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The material guidelines say to use a Navigation drawer when you have over 5 main menu items (as opposed to tabs or bottom navigation bar). https://material.io/guidelines/patterns/navigation.html

All examples I've seen have the navigation draw activated from a burger menu on the left side of the top toolbar. Example image...

My issue is that in an app that has a multi-level hierarchy, the burger in that location switches to a back arrow. Is there somewhere else the button should go to make it available on all pages?

I have also seen the kabab menu on the right side of the top toolbar, however this seems to be used more for a contextual menu (actions for the current screen), and not global items?

  • Why would you want the burger icon to go someplace else? – invot Jan 24 '18 at 16:13
  • I like it up on the left, but the back arrow also needs to go there when you are in a child page (as in the 3rd link in the question). – Chewy Jan 24 '18 at 21:32
  • I think you need to explain the multi-level hierarchy a bit more before anyone can answer this question. Can you show exactly how you've laid out your navigation? – invot Jan 25 '18 at 17:23
  • I can't share my information architecture, but generically speaking, I'd just like to know the preferred navigation pattern for an app with 5+ sections when one or more are 3+ levels deep. How do you access the main navigation and have a back arrow when you are 3 levels deep? – Chewy Jan 30 '18 at 2:27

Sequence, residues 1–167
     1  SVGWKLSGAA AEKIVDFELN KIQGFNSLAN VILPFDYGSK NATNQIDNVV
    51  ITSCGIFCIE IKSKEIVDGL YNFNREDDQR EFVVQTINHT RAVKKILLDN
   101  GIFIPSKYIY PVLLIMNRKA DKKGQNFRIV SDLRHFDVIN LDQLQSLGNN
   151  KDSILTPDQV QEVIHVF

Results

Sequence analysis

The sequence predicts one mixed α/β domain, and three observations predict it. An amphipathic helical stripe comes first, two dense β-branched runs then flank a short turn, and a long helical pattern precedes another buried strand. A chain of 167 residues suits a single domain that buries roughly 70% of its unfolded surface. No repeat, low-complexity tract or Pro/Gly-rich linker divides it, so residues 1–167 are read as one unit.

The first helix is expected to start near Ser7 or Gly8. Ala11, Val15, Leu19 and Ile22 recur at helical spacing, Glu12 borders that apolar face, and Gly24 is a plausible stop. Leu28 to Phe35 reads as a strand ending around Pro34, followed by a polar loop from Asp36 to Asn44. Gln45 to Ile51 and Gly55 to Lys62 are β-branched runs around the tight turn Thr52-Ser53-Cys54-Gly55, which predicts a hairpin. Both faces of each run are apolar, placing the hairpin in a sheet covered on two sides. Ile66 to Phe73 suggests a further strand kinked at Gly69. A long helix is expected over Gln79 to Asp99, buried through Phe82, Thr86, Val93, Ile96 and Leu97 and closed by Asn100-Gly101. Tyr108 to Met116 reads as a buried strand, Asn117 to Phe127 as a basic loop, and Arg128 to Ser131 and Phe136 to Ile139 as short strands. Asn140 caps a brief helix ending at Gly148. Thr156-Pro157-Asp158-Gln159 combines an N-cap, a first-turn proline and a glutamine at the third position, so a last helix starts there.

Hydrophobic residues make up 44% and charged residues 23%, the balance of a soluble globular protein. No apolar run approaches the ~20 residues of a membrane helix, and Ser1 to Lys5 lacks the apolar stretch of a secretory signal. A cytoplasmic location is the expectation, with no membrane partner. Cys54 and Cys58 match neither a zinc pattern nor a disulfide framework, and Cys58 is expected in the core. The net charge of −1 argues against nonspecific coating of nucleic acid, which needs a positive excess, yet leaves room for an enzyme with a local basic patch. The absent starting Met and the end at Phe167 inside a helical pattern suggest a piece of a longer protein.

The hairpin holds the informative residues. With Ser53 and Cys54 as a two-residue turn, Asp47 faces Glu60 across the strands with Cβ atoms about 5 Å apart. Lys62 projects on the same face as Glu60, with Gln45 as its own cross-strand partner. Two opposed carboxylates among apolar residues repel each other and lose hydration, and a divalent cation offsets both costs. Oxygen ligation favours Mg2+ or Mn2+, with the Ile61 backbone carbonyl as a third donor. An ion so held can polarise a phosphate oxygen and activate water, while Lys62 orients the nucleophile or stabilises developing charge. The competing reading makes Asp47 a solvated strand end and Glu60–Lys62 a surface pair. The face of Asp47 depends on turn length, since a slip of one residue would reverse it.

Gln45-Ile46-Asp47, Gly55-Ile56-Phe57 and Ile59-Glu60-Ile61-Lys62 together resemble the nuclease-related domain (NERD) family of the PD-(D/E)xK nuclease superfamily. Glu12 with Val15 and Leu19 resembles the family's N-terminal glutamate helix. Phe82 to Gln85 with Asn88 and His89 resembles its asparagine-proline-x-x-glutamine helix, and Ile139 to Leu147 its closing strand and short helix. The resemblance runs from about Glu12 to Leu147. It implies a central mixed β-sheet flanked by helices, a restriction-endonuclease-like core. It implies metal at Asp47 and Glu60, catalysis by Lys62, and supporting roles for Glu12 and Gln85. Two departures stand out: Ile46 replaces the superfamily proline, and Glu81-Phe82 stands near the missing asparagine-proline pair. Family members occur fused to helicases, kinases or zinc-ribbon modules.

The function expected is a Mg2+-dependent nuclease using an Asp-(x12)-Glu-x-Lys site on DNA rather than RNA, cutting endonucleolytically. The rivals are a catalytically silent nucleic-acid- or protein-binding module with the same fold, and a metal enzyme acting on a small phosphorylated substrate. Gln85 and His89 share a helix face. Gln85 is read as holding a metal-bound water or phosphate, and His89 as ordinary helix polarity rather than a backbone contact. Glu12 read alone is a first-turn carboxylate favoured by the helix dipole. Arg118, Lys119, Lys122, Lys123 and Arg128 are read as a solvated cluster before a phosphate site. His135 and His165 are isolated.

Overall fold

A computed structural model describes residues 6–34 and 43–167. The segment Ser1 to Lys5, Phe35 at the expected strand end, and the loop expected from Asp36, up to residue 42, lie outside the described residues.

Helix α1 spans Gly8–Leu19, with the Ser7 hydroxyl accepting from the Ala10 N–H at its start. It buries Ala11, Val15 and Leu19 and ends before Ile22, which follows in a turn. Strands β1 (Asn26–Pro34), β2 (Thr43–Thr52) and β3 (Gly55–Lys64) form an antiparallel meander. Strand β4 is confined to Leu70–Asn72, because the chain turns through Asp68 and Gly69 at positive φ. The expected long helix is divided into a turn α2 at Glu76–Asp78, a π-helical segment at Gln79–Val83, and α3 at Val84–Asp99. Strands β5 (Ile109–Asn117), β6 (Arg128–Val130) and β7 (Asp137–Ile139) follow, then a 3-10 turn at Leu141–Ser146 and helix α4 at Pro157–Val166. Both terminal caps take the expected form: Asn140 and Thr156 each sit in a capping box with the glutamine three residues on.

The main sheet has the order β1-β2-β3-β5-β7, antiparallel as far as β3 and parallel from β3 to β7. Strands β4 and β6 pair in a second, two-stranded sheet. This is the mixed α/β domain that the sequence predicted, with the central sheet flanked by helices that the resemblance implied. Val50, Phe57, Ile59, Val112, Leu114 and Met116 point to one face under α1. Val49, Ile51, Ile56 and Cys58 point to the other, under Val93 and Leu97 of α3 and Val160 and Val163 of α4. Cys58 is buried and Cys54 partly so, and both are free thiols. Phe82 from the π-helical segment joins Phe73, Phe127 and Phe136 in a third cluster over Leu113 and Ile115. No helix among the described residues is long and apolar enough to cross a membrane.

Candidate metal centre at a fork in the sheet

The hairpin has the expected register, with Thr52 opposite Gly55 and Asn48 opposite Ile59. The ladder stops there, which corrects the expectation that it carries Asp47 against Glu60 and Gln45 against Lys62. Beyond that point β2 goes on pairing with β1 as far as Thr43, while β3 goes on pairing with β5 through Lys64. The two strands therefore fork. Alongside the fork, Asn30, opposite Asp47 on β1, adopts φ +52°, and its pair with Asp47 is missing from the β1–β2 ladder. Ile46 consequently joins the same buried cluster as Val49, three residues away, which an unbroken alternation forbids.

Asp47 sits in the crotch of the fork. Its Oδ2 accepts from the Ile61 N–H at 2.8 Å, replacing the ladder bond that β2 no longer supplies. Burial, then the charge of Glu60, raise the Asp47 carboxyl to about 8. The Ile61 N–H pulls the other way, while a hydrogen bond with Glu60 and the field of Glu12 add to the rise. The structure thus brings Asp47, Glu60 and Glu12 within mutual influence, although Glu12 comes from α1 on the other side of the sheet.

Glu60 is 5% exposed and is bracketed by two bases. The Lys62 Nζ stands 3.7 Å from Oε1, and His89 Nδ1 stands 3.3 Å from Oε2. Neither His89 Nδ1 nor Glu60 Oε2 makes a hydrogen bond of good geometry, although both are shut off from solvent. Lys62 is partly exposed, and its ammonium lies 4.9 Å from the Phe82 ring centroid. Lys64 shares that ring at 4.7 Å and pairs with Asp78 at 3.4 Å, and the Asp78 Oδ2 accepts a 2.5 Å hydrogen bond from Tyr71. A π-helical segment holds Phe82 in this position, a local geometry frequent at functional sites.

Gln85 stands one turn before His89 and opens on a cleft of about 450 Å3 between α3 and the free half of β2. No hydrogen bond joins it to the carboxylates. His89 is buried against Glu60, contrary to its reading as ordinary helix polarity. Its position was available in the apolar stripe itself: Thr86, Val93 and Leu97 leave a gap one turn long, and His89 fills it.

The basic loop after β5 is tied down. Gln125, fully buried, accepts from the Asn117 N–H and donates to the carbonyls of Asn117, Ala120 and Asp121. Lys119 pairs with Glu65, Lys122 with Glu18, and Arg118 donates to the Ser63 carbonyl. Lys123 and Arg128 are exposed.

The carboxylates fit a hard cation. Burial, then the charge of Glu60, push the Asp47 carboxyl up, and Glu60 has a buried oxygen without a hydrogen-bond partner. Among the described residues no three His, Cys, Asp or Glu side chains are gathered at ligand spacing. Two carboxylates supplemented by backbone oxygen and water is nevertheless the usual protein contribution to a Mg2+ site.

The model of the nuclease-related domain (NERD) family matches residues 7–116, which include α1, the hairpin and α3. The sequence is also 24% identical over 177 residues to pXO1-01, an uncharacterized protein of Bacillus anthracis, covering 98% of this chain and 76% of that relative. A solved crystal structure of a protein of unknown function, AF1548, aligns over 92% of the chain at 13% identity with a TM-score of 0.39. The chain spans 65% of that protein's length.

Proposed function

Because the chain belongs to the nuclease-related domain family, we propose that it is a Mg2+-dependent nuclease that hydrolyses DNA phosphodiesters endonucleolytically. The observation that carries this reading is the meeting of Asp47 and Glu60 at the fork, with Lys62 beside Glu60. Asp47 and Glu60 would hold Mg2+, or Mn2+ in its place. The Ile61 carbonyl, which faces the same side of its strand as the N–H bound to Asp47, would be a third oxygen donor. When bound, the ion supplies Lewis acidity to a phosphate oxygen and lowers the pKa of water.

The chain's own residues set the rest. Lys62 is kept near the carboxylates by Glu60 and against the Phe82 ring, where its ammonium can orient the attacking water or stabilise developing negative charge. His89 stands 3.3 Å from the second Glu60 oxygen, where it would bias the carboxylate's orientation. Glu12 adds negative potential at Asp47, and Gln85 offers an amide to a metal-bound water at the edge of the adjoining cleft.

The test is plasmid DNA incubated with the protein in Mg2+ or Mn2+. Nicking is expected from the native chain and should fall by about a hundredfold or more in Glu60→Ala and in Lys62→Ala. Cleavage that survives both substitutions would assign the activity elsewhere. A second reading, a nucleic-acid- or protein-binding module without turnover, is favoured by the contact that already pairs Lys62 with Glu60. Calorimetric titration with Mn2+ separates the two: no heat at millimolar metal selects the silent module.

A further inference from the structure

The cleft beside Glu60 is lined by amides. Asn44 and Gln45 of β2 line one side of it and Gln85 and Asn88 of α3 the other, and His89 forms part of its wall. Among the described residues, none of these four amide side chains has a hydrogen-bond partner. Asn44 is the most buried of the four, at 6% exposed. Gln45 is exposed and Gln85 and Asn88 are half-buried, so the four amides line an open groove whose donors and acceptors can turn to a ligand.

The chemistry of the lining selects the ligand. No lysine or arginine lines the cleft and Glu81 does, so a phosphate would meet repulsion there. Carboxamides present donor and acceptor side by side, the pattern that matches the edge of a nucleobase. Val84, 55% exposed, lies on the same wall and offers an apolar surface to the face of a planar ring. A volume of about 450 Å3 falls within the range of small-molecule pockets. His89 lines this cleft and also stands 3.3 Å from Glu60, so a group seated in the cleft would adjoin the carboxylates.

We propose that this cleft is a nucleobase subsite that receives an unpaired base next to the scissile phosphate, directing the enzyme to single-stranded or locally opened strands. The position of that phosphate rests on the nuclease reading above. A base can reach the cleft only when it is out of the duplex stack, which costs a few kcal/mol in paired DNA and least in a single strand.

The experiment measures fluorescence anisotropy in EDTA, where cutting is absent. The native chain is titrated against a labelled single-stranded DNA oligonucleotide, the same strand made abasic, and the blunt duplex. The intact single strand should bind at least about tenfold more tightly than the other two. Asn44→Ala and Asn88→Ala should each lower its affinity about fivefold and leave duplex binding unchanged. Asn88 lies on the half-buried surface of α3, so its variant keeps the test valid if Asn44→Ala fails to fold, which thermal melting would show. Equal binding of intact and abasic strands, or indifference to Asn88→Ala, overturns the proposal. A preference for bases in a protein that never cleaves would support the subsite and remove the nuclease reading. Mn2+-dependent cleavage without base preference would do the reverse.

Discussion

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When it comes to navigation patterns in material design something that should always be kept in mind is that their design standards are not inflexible or all-encompassing. They leave a lot up to the developer. There is no solid path on how navigation should be laid out. When it comes to navigation hierarchy, the only real specification is that top-level pages should be displayed more predominantly.

If your concern is about having the hamburger menu icon visible at all times, you might want to consider just rolling your own UI framework. Material design is particular about the icon's usage relative to which page the user's on.

Polymer handles multi-level navigation by having items expand and collapse. If your top-level item isn't actually a page link, this could technically work for you. Otherwise, consider having the sub-pages accessible through tabs. Avoid using the kabob menu as that's meant for things like settings.

If your navigation is simply too complex for this, then consider if material design is right for you. There are plenty of other ways you can construct your menu.

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If you absolutely need to have an always-accessible hamburger menu, the Google HIG recommends using an edge swipe to reveal it:

When conflicting gestures are not present, performing an edge swipe from the left reveals off-screen content, such as a navigation drawer.

(It used to be a bit more prescriptive in this recommendation, but I can't find it anywhere else anymore.)

Other than that, consider looking into a bottom navigation bar if you need to keep core primary navigation available at all times (YouTube does this). Perhaps you might not even need a side menu.

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